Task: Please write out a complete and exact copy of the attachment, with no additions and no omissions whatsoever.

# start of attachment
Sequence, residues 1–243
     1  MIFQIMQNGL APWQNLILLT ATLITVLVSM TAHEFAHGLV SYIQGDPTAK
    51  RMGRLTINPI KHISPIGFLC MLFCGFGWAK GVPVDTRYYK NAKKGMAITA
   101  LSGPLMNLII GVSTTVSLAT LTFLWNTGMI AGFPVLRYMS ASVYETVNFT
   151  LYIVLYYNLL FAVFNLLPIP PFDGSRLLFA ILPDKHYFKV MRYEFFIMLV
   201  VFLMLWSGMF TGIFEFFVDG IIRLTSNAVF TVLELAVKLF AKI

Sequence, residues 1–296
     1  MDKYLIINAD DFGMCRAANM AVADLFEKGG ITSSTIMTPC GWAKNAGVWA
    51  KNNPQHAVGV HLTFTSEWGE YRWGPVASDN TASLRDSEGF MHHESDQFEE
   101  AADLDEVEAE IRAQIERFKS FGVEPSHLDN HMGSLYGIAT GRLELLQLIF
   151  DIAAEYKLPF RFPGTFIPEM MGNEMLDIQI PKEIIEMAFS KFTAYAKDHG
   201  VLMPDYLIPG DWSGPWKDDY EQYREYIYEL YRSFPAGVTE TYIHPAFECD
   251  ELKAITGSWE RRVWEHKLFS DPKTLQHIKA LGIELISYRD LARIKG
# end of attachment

Sequence, residues 1–243
     1  MIFQIMQNGL APWQNLILLT ATLITVLVSM TAHEFAHGLV SYIQGDPTAK
    51  RMGRLTINPI KHISPIGFLC MLFCGFGWAK GVPVDTRYYK NAKKGMAITA
   101  LSGPLMNLII GVSTTVSLAT LTFLWNTGMI AGFPVLRYMS ASVYETVNFT
   151  LYIVLYYNLL FAVFNLLPIP PFDGSRLLFA ILPDKHYFKV MRYEFFIMLV
   201  VFLMLWSGMF TGIFEFFVDG IIRLTSNAVF TVLELAVKLF AKI

Sequence, residues 1–296
     1  MDKYLIINAD DFGMCRAANM AVADLFEKGG ITSSTIMTPC GWAKNAGVWA
    51  KNNPQHAVGV HLTFTSEWGE YRWGPVASDN TASLRDSEGF MHHESDQFEE
   101  AADLDEVEAE IRAQIERFKS FGVEPSHLDN HMGSLYGIAT GRLELLQLIF
   151  DIAAEYKLPF RFPGTFIPEM MGNEMLDIQI PKEIIEMAFS KFTAYAKDHG
   201  VLMPDYLIPG DWSGPWKDDY EQYREYIYEL YRSFPAGVTE TYIHPAFECD
   251  ELKAITGSWE RRVWEHKLFS DPKTLQHIKA LGIELISYRD LARIKG